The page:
Fatherland, Faith and Family Policy: Parental Mobilization against Children’s Rights in Contemporary Russia
Summary, in English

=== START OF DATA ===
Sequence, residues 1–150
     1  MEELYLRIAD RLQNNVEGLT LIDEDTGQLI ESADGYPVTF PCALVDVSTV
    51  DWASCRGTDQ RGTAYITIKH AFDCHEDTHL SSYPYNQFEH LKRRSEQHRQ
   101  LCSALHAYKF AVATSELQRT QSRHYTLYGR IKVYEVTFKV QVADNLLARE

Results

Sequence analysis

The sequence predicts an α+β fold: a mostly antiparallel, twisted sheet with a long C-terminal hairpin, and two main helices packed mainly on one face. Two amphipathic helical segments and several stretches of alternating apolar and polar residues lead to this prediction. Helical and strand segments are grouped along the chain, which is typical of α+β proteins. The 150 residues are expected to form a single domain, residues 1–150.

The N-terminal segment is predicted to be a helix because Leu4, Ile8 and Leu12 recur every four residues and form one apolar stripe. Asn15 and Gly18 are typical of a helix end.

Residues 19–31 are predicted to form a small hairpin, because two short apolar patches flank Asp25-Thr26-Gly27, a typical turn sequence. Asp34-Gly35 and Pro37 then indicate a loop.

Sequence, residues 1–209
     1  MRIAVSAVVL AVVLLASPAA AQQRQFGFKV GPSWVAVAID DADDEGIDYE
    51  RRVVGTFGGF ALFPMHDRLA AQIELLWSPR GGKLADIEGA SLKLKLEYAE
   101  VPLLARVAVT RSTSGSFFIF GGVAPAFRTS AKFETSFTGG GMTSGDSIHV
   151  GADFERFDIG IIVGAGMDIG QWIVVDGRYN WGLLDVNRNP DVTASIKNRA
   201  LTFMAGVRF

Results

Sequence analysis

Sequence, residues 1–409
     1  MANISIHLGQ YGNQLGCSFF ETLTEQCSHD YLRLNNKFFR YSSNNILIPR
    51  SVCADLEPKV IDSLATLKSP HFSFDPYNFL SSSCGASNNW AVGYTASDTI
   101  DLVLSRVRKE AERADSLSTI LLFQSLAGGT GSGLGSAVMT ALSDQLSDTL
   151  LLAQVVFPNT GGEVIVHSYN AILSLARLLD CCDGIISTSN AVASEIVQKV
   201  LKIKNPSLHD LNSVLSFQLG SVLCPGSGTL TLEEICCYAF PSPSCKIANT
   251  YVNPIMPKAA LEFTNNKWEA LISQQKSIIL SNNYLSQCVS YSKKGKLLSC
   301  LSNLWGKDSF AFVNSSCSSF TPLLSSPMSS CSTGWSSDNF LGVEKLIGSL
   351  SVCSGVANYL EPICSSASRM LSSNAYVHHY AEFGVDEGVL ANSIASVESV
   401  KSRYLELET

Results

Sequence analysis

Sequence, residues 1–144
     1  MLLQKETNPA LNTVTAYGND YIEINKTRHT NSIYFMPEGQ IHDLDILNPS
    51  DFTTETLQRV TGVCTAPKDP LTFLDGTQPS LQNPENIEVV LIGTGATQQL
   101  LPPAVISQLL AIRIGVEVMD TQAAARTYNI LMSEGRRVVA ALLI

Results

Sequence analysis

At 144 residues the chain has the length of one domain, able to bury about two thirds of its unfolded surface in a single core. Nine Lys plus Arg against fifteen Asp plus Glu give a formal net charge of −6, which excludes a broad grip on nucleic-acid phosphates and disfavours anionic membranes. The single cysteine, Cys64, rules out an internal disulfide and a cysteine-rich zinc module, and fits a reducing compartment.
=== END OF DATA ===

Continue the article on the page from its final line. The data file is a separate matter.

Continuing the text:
Policies related to family, children, and birthrates have since the mid-2000s become increasingly central to the general ideological shift toward nationalism and conservative values in Russia. A symptom of, and a response to, this development is the so-called Parents’ Movement; a rapidly proliferating grassroots mobilization in the defense of presumably traditional Russian family values against allegedly Western forms of moral degeneration. The catalyst and main target of the Movement is a current reform of the state structures of child protection in line with the UN Convention of the Rights of the Child. The parental opponents claim the reforms to be a conspiratorial Western attack against Russian “tradition” and its presumed core, the family. Nonetheless the popular appeal of the Parent’s Movement also stems from a proliferated distrust in the Russian state administration, which is expected to intentionally exploit the CRC to increase corruption and authority abuse. The recent success of the Parents' Movement, this paper argues, resides in a simultaneous distrust in “Western” models of governance as well as in the Russian state bureaucracy. (Mis)representations of Western systems of child protection are used to draw up apocalyptic scenarios of a domestic future, and as the critique against Russian authorities are expressed in anti-Western terms an explicit challenge of an increasingly repressive regime is avoided.